Unlike some editors who pandered to the readers and advertisers, he maintained a separation of editorial and advertising departments, and demanded the best writers and reporters, no matter what their personal opinions were. Among those he hired were Mark Twain, Henry David Thoreau, Ralph Waldo Emerson, and Karl Marx. And at a time when newsrooms were restricted to men, he hired Margaret Fuller to be his literary editor.

He believed in a utopian socialism, where all people helped each other, and where even the most unskilled were given the opportunity to earn a living wage.

He demanded that all workers be treated fairly and with respect. In 1851, he founded a union for printers.

When his employees said they didn’t need a union because their boss paid them well and treated them fairly, he told them that only in a union could the workers continue to be treated decently, that they had no assurances that some day he might not be as decent and generous as he was that day. The union was for their benefit, the benefit of their families, and their profession, he told them.

In 1872, Horace Greeley ran for the presidency, nominated on both the Democrat and Liberal Republican tickets. But, his opposition was U.S. Grant, the war hero running for re-election on an establishment Republican ticket.

Weeks before the electoral college met, Horace Greeley, who lost the popular vote, died, not long after his wife.

The printers, the working class, erected monuments in his honor.

And everyone knew that the man with a slight limp, who usually dressed not as a rich man but as a farmer coming into town to buy goods, who greeted everyone as a friend, who could have interesting conversations with everyone from the illiterate to the elite, was a man worthy of respect, even if they disagreed with his views. For most, Horace Greeley was just a bit too eccentric, his ideas just too many decades ahead of their time.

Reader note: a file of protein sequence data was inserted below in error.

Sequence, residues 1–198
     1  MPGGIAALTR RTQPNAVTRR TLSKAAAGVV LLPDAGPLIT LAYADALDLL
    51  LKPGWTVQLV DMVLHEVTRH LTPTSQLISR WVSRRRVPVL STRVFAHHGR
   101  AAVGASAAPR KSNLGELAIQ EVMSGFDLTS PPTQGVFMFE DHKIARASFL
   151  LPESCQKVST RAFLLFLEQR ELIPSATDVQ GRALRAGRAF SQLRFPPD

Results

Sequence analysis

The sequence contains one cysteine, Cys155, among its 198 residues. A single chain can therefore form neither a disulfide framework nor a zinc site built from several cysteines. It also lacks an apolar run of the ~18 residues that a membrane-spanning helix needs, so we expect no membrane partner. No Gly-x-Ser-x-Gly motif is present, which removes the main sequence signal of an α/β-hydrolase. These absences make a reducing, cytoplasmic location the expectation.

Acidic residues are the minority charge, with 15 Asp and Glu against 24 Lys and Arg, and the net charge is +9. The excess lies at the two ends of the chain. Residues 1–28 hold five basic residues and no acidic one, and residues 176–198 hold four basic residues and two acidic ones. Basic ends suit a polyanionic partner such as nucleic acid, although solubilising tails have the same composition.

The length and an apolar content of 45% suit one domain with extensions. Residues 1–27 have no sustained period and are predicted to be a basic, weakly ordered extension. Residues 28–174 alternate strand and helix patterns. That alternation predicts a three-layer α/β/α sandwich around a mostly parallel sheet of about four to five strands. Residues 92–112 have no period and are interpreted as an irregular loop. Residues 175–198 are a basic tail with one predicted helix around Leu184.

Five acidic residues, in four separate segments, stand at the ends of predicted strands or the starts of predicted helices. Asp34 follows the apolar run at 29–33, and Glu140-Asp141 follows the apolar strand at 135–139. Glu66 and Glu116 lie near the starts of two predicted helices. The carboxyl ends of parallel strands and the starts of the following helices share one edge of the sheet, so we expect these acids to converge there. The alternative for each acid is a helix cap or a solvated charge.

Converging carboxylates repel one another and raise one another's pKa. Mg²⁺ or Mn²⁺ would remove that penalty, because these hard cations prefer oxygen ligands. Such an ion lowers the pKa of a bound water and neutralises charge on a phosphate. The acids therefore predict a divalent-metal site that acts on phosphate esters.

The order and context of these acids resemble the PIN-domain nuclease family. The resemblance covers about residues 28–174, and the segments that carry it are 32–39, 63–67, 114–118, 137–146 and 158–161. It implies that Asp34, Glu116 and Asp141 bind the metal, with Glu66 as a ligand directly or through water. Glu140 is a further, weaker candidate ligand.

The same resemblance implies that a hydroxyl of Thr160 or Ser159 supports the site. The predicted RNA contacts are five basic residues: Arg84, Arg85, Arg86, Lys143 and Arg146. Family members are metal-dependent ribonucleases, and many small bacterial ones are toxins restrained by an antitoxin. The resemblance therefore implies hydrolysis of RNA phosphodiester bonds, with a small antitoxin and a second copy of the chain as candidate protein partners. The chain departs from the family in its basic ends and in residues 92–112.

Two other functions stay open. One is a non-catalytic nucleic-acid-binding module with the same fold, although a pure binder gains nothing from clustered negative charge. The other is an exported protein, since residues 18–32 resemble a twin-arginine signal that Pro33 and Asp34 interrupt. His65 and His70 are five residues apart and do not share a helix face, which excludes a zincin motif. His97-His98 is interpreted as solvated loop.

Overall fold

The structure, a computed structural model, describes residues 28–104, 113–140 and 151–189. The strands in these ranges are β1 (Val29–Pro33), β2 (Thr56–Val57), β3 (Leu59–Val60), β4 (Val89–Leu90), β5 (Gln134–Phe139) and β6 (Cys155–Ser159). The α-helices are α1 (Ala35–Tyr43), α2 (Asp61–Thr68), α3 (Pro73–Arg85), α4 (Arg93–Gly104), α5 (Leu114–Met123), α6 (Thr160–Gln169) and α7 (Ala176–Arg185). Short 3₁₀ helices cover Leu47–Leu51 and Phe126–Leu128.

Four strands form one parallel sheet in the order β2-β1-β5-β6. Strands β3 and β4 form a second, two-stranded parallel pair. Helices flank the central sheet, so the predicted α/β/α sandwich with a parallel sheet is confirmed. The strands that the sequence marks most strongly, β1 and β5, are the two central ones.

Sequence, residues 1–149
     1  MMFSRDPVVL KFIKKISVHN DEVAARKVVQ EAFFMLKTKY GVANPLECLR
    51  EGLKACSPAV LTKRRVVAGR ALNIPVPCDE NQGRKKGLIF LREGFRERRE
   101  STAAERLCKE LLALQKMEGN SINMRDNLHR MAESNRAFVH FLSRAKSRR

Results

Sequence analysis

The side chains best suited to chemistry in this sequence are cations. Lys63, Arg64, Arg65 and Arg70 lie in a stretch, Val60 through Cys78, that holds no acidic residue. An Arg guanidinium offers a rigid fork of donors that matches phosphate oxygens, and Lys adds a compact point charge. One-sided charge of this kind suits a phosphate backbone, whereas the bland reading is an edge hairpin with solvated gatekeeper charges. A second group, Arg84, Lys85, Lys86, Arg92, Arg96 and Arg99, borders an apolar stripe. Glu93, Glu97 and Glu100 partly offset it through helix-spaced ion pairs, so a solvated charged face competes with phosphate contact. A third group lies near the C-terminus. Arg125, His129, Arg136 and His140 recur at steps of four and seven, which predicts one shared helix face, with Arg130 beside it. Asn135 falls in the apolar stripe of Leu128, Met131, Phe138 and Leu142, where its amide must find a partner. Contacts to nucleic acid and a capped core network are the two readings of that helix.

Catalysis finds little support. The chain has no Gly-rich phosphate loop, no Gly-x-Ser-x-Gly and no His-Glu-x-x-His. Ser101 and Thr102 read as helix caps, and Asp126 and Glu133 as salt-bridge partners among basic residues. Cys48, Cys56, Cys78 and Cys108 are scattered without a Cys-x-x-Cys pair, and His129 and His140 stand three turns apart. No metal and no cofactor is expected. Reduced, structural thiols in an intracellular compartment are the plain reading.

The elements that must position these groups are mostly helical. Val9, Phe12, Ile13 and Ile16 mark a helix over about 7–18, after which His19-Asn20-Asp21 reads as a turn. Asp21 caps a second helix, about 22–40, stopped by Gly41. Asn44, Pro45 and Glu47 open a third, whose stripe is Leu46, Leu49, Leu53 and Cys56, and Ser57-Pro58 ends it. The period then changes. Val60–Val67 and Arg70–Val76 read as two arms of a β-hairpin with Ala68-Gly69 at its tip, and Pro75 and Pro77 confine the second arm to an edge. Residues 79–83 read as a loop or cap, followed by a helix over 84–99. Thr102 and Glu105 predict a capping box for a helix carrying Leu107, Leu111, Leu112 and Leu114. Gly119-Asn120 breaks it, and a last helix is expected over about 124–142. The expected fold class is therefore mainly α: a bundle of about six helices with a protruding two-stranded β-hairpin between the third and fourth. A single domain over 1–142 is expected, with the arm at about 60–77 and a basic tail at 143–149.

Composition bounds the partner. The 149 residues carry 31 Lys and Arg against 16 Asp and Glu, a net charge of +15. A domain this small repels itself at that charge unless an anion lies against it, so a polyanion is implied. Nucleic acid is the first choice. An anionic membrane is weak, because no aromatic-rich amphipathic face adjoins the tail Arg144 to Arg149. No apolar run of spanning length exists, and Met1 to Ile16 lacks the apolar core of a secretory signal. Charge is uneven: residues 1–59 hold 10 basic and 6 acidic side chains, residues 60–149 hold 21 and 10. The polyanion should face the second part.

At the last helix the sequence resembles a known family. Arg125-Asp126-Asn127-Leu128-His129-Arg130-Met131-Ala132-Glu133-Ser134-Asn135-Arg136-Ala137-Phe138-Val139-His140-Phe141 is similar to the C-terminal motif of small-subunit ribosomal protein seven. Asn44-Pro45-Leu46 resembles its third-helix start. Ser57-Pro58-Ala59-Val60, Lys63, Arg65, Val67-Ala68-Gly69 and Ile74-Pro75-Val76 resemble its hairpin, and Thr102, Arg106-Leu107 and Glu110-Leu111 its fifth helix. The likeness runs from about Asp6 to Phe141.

On this Labor Day weekend, when not one Republican candidate for president believes in unions, when CEOs often make more than 100 times what their workers earn, when millionaires and billionaires running for office pretend they are populists, when even many in the working class seem more comfortable supporting the policies and political beliefs of the elite, the nation needs to reflect upon the man who knew that without the workers, there would be no capitalism.

[Dr. Brasch has been a member of several crafts, arts, and trade labor unions. He proudly sees himself not as among the elite but as a part of the working class. His latest book is Fracking Pennsylvania: Flirting With Disaster]

 

Blog Update

My host company Soapblox is shutting down effective October 15th.  They are migrating all of us to WordPress and I’ll be setting the blog up there via a new host.  if you’re using www.thepennsylvaniaprogressive.com to visit here nothing will change except the appearance of the blog.  Wordpress doesn’t support all of the features of Soapblox so diaries will be a thing of the past.  No one has used that feature here for two years though so I doubt we’ll miss it.

This may have some growing pains so please bear with us as we make the transition.